Berserk (2016): “The Branded Swordsman”

A legend of anime and manga returns, but has he gotten soft around the edges?


Season 1, Episode 1
Grade: B

“The incubus is born of dead bodies. This must have been a battlefield…”

The original Berserk anime famously ended on one of the most infuriating cliffhangers in television history, where we realize that all these dramas and heartbreaks were setup to the actual story. Fifteen years later, we saw this setup repeated in the second anime bout. Read the manga, kids!

Even the staunchest, anime-only anime fan would be hard-pressed to wait. That Griffith has got to go. But for those who waited, and for those who simply want more Berserk in anime form, the expectations are running high.

Berserk (2016) comes in at a time when I’ve heard Attack on Titan held in the same continuum as Game of Thrones and The Walking Dead – it’s all entertainment. Like those three, Berserk is dark and violent, something with easy appeal to veterans of American drama in our age-old crusade to normalize anime. Indeed, Berserk is directly comparable to Game of Thrones as a dark medieval fantasy. So with the HBO series in the back of our minds, we expect a level of storytelling sophistication from the latest addition to the long-running saga. Does Shin Itagaki’s Shin-Berserk meet the mountain of compounding expectations?

One of the foremost concerns going in was animation quality, a bit of a run-off from the reaction to the Golden Age Arc trilogy. By the third film, the creators struck a solid balance, cel shading the bodies of characters and hand-drawing facial expressions, a tactic that would’ve helped Appleseed Ex Machina before Aramaki went full photo-realism anyway. The Advent looked great, where the models were allowed an unusual amount of detail and smoothness of movement, just in time for Berserk at its grisliest.

This new anime continues the CG cel shading trend, using 3D models and styling them such that they approximate 2D traditional characters. The budget isn’t quite as high, lending to a more claustrophobic frame, and an interesting addition is made: cross-hatching. This is something deployed to tremendous effect in a surreal and unsettling show like Lupin III: The Woman Called Fujiko Mine. Berserk however has a more tactile feel, and so the shifting patterns of lines on each character furthers the unreality.


I’m not against CG anime in principle. I imagine it might have a positive impact on the anime industry, which has always had trouble paying Japanese animators, and frequently outsources to cheaper labor in Korea. At the same time, it’s simply another tool in the animator’s toolkit, and has been blended into movies (Ghost in the Shell 2) just as other animation forms join that toolkit (rotoscoping in Jin-Roh, The End of Evangelion). However, the downside I didn’t predict is that there’s nary a held frame in Berserk.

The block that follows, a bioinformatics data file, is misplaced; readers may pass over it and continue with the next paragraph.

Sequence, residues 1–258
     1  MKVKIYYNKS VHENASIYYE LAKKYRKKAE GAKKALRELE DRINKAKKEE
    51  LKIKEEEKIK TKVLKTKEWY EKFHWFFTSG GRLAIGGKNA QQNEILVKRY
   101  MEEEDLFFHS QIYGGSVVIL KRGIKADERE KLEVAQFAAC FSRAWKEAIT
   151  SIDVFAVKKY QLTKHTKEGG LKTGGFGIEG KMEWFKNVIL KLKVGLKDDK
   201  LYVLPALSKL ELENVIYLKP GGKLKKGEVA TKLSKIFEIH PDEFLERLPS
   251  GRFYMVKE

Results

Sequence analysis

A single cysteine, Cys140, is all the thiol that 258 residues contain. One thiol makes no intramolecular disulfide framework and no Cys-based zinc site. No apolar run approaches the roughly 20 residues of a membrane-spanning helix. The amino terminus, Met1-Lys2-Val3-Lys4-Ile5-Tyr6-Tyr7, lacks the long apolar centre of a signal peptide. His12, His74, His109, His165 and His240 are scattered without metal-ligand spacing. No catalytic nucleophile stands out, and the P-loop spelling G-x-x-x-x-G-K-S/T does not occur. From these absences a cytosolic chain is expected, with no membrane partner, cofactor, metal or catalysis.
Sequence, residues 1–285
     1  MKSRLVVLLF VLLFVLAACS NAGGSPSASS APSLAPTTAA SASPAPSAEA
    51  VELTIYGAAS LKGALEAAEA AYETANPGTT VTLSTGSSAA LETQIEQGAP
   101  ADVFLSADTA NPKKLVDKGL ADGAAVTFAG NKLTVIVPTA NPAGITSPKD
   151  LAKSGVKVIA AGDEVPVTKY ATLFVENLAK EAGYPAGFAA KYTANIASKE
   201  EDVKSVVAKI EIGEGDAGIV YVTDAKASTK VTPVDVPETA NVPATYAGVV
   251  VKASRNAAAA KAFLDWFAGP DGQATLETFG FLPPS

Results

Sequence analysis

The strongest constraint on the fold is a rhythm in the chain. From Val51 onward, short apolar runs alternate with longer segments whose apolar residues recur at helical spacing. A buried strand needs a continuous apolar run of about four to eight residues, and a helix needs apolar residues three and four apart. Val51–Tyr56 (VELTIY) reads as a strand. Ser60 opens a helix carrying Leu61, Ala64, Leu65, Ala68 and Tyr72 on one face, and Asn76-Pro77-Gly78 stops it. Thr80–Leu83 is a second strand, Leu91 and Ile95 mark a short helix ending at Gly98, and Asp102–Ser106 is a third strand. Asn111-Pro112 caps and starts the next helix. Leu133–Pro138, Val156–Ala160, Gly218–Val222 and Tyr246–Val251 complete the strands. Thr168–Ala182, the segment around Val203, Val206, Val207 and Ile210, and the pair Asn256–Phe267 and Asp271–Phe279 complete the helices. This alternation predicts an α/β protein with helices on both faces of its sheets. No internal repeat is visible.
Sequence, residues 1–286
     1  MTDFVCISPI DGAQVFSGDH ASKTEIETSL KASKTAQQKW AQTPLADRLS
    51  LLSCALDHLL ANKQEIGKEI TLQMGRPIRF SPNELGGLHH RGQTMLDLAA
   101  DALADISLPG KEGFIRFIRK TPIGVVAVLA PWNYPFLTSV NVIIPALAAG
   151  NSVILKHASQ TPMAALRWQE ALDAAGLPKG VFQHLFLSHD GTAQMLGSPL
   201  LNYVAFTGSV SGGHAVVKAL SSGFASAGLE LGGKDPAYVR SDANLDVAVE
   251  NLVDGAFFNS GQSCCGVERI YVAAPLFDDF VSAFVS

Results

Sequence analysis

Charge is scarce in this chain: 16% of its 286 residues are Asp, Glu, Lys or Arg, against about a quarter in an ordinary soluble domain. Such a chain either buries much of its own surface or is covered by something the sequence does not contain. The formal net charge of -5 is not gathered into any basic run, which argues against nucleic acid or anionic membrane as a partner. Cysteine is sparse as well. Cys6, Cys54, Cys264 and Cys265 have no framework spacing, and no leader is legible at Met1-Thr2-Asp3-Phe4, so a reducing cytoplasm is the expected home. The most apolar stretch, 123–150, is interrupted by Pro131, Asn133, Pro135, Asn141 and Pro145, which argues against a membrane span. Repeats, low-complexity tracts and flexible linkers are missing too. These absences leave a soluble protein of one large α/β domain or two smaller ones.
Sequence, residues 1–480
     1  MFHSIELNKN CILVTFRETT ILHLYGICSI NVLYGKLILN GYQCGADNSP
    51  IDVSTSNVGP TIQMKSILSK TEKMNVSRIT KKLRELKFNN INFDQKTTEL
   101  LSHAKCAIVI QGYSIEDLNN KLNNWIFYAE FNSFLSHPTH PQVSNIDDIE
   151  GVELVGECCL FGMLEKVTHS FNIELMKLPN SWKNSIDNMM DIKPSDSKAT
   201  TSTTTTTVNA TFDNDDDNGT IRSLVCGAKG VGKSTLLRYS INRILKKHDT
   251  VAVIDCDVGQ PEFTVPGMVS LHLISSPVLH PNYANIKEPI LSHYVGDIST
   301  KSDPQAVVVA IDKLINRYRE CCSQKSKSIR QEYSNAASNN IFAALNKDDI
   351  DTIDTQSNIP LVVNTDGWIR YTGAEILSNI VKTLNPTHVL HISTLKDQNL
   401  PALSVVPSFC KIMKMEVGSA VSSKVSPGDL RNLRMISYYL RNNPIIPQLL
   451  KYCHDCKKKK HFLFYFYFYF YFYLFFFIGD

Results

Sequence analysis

For me, anime is so often marked by beautiful compositions, these moments in a sequence being quite literally paintings. But if animation is accomplished by rigging, as opposed to in-betweening, there’s a significantly lessened barrier to motion, and in Berserk, this sometimes becomes locomotion. Guts is upside down in one shot in the bar, and we jump between micro details in the environment at high speed, which themselves are always swirling in motion.

Any visual shortcomings – more so misfires of creative decision – are in turn complemented and made up for by the sound. With the absence of Susumu Hirasawa, the Berserk soundscape feels affected, with peppy electric guitars in place of booming, emotive vocals. The anachronism isn’t so appreciated, and with the snappy editing of action scenes and non-action scenes both, there’s an artificial energy and an undercutting of potential badassness.

Make no mistake – Guts is still plenty badass. Indeed, it’s the sound design that counterbalances the perhaps traditional music, and adding that much weight to the swing of the Dragonslayer is pure catharsis. Even if, for now, it’s only skeletons and trees being decimated. The heavy metal-lite however, instantly made me yearn for silence in places, and an overall more contemplative approach to the violence. As much as Berserk is 100% an action story, the solemnity of violence is equally important, something occasionally on display in Game of Thrones.


Berserk (2016) is very much the continuation of an existing story, and one disappointing consequence is the anti-gravity of Guts’s introduction. Of course, we know who he is, and if we don’t, we understand he’s some kind of badass. That’s fine in itself, but things have been so much more dramatic elsewhere. In the manga, we’re introduced to Guts as he’s having sex with a woman, before that women transforms into a horrific demon. We get a glimpse of this terrifying and very R-rated world, and of Guts, who’s not only in complete charge of the situation, but willing to go this far to kill.

In the original anime, an entire episode is devoted to his introduction. It begins with a violent intercession on mercenaries in a bar, with the eye-popping reveal of the Dragonslayer, and ends with his sadism on the Snake Apostle. The Golden Age Arc trilogy opens with a lovingly rendered Guts vs. Bazuso, which similarly demonstrates his attitude on mercy, and ups the gruesome factor.